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Saturday, July 30, 2016

Learn How Coloring Is Emphasizing The Healthy Development of Your Child

A happy child will produce thousands of drawings and scribbles in his childhood, ranging from simple, colorful lines to animals and flowers the petite creative individual will shape items soon to become family heirlooms, pieces of paper that will be proudly presented on the fridge by parents. Thousands of things to draw will have amazed our world and his throughout childhood, in the process and in this colorful setting the child would have had an immensely positive development thanks to the actions undertaken: coloring and drawing.

The impact of these artistical actions is highly positive, drawing, coloring, painting, sketching, all being known to improve the development of cognitive, social and physical skills of the little one. Find out how and more details on these, after the break.


A child should never ask himself “what to draw”. The realm of imagination is infinite, through the power of example his creativity can stumble across this realm for years and years without ever getting bored. It is important to be by his side, to point them towards interesting, cool drawings that can raise the interest of the little one.

Drawing is known to improve one`s motor skills.  As the child practice painting, sketching- coloring the action fine tunes the muscles and eventually balances the finger, wrist, and arm movement to perfectly control the utensils in order to get the right result.

In time it is recommended to change the drawing techniques and utensils as the child masters movement; present him variety and let him choose his path. He`ll surely be attracted to one type of artistic expression and from that point on the journey truly changes.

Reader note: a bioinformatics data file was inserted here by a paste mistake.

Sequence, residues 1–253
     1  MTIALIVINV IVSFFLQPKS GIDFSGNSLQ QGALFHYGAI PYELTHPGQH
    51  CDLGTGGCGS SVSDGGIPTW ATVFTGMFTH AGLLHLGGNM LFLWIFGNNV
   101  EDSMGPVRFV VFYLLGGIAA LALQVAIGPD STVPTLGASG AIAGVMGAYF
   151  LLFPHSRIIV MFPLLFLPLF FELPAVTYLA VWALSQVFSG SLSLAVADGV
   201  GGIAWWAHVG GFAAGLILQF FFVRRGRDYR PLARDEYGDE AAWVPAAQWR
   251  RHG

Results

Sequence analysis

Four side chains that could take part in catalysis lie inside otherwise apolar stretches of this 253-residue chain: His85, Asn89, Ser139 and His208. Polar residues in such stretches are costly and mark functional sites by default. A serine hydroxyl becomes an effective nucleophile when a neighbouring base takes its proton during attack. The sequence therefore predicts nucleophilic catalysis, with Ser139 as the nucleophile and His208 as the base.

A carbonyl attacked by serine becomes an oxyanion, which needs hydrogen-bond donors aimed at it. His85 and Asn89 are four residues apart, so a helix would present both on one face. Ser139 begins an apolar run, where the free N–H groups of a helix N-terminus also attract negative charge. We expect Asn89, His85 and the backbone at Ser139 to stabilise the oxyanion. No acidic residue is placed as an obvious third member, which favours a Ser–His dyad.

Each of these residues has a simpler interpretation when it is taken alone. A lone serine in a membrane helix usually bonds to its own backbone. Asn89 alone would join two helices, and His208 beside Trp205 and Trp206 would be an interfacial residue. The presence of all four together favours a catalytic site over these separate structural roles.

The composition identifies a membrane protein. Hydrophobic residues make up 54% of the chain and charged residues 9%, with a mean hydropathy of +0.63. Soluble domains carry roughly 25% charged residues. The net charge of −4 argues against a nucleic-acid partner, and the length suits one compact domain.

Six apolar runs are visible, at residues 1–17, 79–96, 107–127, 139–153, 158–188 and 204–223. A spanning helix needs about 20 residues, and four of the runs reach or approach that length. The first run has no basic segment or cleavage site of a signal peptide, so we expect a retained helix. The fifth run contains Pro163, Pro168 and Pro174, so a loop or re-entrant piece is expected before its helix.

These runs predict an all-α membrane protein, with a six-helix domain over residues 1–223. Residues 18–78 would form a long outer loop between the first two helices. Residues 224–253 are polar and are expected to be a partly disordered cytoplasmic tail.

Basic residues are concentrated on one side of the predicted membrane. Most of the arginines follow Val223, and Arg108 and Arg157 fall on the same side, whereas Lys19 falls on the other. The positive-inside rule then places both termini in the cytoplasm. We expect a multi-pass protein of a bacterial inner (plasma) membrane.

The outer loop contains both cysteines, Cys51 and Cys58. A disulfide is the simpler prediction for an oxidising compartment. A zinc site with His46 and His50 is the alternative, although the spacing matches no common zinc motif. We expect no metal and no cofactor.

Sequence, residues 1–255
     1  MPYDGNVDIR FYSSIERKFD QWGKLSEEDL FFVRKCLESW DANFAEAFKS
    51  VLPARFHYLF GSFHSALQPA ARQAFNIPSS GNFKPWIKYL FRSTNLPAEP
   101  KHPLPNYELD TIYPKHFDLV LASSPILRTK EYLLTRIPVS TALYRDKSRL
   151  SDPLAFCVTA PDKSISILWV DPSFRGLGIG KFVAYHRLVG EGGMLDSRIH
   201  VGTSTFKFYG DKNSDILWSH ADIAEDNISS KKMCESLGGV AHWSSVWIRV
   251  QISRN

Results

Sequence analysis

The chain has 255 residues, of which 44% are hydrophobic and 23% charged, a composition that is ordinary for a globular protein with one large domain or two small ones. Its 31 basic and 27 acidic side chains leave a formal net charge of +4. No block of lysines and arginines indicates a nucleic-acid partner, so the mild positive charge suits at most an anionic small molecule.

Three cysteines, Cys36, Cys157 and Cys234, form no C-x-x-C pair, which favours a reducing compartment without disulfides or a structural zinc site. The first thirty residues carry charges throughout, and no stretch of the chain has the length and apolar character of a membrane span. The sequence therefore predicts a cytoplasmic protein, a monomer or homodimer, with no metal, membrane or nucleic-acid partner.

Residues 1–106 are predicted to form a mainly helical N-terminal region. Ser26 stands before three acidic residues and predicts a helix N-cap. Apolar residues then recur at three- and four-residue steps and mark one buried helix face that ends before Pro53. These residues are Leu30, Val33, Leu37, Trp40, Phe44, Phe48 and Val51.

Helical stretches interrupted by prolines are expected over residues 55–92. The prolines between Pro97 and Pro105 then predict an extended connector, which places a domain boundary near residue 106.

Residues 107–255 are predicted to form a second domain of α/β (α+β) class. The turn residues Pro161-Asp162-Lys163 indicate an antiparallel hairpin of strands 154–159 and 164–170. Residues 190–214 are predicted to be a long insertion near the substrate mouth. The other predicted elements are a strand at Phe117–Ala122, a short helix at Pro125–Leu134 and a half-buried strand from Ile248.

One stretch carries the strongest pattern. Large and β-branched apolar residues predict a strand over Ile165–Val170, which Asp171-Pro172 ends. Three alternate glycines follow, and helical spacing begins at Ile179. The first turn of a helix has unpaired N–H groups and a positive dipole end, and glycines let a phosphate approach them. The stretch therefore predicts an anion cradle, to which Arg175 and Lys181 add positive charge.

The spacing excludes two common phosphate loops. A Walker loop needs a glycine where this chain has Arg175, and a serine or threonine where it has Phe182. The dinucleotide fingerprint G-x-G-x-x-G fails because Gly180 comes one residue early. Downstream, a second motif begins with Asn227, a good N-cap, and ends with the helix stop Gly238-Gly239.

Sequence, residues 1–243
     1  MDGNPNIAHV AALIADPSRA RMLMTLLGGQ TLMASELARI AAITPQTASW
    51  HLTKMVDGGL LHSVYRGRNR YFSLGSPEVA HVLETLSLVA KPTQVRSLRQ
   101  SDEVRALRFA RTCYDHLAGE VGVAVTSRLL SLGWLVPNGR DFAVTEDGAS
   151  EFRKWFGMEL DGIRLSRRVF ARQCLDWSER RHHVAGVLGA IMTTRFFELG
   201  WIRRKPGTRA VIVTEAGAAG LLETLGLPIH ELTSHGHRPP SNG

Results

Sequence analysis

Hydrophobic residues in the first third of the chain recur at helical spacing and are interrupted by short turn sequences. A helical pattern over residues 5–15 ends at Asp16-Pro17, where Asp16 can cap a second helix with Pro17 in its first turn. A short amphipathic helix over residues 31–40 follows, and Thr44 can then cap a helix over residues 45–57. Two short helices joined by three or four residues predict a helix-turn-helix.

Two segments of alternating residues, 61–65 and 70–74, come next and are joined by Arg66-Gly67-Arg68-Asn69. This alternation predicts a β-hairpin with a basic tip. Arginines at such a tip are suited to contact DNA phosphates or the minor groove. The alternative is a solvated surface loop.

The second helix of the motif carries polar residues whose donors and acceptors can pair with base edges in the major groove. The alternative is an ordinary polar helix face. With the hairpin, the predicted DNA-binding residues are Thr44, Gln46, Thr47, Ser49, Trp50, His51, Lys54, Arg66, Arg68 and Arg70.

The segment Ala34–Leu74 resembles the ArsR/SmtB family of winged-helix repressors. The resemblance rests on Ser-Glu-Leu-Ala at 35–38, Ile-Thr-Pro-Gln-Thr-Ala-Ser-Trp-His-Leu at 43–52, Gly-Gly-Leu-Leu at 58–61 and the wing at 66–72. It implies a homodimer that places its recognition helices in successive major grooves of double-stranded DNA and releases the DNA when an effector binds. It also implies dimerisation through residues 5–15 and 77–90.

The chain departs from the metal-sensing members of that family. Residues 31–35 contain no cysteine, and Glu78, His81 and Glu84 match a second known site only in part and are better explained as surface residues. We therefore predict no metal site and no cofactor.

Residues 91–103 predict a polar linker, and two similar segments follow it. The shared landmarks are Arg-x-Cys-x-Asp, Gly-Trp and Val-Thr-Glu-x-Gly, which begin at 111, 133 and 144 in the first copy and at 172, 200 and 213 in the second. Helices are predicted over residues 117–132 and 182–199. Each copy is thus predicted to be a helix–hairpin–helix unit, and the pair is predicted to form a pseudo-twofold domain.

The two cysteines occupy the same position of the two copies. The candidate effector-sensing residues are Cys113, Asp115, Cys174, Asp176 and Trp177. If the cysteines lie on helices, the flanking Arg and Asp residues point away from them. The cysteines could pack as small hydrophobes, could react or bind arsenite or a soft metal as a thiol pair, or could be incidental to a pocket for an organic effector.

Art can also be great to promote social interaction and language skills development. While traveling the realm of imagination the child discovers the incredible and in the attempt to actually materialize it on paper a story is being shaped, one that ought to be heard, one that can give birth to a beautiful, constructive, educative dialogue for all parties involved.

In most cases the child will attempt to explain the beautiful drawing he realized, he will offer details, he`ll invite you to express your opinion, opinion very important for him, opinion that if supportive and encouraging can be great a boost in his confidence, trust, morale. Seamlessly the practice can be translated into an educative session.

In this dialogue and in this search of incredible with no limits the child will have huge decisions to make at a certain time, he`ll need to decide what colors to use, what paper to use, where to position the smiling sun and the angry clouds. Here a very important filter comes in, one that will help the little one decide on what works best, what suits him better. This highlights the immense influence of drawing in the early development of the decision-making process on children, a process of immense importance that if developed early on can greatly benefit the individual in the long run.

One more thing bears immense importance in the development of the child, the ability to conceptualize. This skill is learned first-hand through drawing as children around the age of three starts showing interest in representing pieces of the real world in his drawings. To do this properly the child uses simple shapes on regular objects soon to be drawn like trees, the sun, clouds or people. This is a very important skill too, very much like an adult simplifies his one week schedule in no less than 3 minutes to book a meeting, the child attempts to gain a grasp on a complete landscape and simplify it in a drawing; an immense effort and a great feat of strength if the ability is mastered. 

Drawing is a tool for you and the children alike, a tool that brings one benefits only. It is utterly important to be supportive in the process, to invite the little on to express his needs, feelings, desires on paper. It is very important to never critique, never harm the confidence, the purity of limitless creativity.

Illustrations by Homesthetics Magazine



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